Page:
This basic tutorial shows how to install and configure Claudia.js.
- AWS account with access to IAM and Lambda
- Node.js 6 or 8
AWS Lambda currently supports Node.js 6.10 and 8.10. By default, Claudia will create 8.10 functions in Lambda. (You can force an older version with the
--runtime argument while creating the function).
Although you can use a later version of Node to run tools on your machine, this might cause compatibility issues after deployment. To avoid nasty surprises, we strongly suggest using the same version for development and deployments. You can use nvm to manage multiple versions of Node on your development environment.
Claudia is available on NPM, and the simplest way to use it is to install it as a global utility.
This will make Claudia instantly available to all your projects. Verify that Claudia was installed correctly by running the following command:
Installing as a project dependency
Alternatively, you can set up Claudia.js as a local project dependency. This allows you, for example, to easily distribute the tool with your project, so other developers don’t have to install it separately. It is also a good option if you work on a system that is locked down and prevents you from installing a global utility using NPM.
Claudia is a deployment tool, so it does not introduce any runtime dependencies — so install it as a development dependency using
In this case, you can run Claudia from
node_modules/.bin/claudia in your project directory, and using NPM scripts. Check out Setting up package.json for easy deployment for more information on that option.
Configuring access credentials
- Create an AWS profile with IAM full access, Lambda full access and API Gateway Administrator privileges.
- Add the keys to your
- Set the
AWS_PROFILEenvironment variable to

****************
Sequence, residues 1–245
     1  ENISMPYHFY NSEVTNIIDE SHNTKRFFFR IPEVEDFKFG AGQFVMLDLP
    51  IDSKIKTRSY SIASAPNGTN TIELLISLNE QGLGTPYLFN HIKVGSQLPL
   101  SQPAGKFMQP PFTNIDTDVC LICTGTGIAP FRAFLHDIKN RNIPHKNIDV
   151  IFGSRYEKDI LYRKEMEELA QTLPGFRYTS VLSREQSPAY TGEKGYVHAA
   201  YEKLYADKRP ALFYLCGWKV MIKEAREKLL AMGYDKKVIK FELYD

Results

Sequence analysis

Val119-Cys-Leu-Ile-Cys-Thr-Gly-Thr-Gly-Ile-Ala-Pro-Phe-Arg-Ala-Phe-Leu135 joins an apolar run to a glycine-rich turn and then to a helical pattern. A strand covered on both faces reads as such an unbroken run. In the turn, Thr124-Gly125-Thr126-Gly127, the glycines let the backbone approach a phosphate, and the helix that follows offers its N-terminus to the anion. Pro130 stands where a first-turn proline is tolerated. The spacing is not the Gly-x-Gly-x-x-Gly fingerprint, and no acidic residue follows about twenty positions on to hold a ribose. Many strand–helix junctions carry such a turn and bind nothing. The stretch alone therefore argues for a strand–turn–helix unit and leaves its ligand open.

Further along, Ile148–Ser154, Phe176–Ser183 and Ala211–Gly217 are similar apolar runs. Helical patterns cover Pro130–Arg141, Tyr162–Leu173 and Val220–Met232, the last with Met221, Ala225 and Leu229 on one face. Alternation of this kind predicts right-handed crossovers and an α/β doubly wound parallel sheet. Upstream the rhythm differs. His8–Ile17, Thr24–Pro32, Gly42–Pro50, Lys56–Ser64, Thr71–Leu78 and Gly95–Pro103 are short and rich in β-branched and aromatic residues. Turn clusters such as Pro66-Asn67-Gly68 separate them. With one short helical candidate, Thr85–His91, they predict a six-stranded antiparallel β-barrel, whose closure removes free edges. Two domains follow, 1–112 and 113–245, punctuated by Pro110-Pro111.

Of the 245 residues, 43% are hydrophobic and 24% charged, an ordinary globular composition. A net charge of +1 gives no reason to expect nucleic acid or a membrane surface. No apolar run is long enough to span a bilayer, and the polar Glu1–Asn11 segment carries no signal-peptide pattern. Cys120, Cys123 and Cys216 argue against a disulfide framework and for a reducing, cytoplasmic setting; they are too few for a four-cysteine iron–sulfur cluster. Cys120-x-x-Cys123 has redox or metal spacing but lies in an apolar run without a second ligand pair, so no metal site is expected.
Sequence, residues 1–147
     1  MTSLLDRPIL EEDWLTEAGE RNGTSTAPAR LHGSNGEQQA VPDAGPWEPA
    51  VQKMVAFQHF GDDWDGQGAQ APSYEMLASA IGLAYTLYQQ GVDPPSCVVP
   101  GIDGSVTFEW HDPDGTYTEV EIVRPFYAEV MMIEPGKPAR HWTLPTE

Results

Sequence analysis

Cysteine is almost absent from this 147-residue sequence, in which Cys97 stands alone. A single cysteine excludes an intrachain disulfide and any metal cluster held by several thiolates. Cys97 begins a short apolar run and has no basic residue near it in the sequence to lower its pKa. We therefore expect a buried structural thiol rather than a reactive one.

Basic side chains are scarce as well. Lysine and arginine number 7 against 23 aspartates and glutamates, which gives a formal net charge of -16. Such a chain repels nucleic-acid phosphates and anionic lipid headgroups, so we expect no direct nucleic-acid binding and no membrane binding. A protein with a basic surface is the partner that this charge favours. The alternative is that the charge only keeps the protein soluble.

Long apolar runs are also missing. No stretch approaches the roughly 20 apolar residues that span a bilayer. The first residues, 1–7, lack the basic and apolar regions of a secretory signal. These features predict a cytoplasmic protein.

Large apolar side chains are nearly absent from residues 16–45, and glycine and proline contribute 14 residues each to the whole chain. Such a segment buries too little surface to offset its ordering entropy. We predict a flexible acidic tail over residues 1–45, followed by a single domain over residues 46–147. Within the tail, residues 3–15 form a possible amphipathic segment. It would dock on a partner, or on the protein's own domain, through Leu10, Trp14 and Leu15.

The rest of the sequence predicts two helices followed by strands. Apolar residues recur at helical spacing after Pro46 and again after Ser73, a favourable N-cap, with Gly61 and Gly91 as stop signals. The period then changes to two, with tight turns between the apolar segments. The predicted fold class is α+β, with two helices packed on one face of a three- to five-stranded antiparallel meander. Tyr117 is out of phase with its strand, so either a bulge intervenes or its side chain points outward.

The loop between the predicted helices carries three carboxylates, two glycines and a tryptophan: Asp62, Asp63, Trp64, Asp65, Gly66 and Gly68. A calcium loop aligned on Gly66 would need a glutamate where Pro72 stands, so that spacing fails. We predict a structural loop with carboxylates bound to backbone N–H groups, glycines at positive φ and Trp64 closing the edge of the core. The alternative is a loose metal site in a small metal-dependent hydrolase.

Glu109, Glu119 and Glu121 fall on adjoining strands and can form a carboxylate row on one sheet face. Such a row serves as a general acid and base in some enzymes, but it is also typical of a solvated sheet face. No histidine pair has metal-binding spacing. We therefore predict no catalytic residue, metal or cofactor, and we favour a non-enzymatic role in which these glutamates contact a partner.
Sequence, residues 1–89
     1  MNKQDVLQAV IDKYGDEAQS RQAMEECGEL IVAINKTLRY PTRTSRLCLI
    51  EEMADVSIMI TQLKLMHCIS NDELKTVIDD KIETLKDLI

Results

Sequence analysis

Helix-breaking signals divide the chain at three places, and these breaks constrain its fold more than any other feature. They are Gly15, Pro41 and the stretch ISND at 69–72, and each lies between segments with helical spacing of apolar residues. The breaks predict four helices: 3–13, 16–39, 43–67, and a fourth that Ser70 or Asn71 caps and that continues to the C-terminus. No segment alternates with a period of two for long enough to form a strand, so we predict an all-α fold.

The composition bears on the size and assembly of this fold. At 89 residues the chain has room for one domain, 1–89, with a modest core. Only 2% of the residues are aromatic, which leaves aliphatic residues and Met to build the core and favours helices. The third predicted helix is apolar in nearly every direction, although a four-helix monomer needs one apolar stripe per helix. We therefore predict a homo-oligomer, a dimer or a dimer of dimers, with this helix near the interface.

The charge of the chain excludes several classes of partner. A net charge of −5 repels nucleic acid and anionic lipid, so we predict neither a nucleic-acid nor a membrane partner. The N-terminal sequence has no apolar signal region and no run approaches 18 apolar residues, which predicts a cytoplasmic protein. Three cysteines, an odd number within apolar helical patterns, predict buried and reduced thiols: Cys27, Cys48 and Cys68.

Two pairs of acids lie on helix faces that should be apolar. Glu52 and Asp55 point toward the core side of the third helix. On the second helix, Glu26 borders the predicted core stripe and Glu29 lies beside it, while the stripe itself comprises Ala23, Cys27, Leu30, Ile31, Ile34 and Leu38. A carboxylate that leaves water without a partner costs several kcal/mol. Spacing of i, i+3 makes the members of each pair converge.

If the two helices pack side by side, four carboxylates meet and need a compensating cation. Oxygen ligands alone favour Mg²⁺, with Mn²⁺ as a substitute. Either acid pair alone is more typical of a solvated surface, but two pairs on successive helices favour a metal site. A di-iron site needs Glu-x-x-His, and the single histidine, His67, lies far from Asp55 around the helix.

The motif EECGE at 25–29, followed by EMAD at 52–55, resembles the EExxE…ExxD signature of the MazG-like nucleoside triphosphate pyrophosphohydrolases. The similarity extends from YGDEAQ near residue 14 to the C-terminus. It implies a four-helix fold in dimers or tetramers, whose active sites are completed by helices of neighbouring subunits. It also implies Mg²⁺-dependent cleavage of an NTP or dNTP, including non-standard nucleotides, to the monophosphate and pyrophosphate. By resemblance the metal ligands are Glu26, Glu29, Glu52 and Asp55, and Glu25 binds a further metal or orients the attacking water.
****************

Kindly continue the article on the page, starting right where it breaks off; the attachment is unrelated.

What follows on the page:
Detailed info about credentials
Claudia just uses the Node.js API for AWS, without any magic. If you already have the access keys set up for the AWS command line or the Node.js API, Claudia will just use your default profile.
If you’ve never set up AWS command line tools or the Node.js API, just follow the instructions in Setting AWS Credentials for NodeJS section of the AWS API guide.
On most systems, this will effectively mean adding the access keys to
.aws/credentials in your home directory:
If you do not want to use the access credentials for the main user account, but want to set up a separate user account for Claudia, assign the following roles to the user:
- AWSLambdaFullAccess is required for all Claudia deployments
- IAMFullAccess is required if you want Claudia to automatically create execution roles for your Lambda function (recommended for beginners). If you cannot use this role due to corporate policies, or do not want to grant Claudia access to IAM, then create a Lambda execution role manually, and pass the name using
--role <ROLE NAME>when executing
- AmazonAPIGatewayAdministrator is required if you want to use Claudia API Builder, Claudia Bot Builder or deploy API Gateway Proxy APIs.
Selecting the AWS profile to use with Claudia
The AWS Node.js API allows you to configure multiple profiles, and restrict access or use different AWS accounts for various projects. Following the principle of least privileges, we recommend creating a separate profile with write-access to Lambda, API Gateway and IAM, and using that for deployment. You can create different profiles for testing, that will have limited access to AWS resources, without being able to access IAM.
There are several ways to select the active profile, and the complete list is in the Setting AWS Credentials for NodeJS guide on AWS.
Although any approach described in the guide will work, the easiest is to set the
AWS_PROFILE environment variable.
Since Claudia version 1.7.0, you can also use the
--profile <PROFILE_NAME> command line argument
Check out Hello-world from Lambda to create your first Lambda micro-service.